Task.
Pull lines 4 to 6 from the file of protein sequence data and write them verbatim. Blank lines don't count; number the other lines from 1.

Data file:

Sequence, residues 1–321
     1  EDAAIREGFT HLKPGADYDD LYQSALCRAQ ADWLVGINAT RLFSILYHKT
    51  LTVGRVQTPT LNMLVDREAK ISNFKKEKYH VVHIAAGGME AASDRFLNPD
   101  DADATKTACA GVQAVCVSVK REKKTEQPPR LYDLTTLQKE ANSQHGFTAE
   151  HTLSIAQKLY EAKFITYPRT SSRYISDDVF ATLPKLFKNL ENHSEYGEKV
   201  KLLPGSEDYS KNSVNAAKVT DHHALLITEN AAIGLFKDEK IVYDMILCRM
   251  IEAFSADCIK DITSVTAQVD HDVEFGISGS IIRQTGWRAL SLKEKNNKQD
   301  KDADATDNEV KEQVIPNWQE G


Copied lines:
   101  DADATKTACA GVQAVCVSVK REKKTEQPPR LYDLTTLQKE ANSQHGFTAE
   151  HTLSIAQKLY EAKFITYPRT SSRYISDDVF ATLPKLFKNL ENHSEYGEKV
   201  KLLPGSEDYS KNSVNAAKVT DHHALLITEN AAIGLFKDEK IVYDMILCRM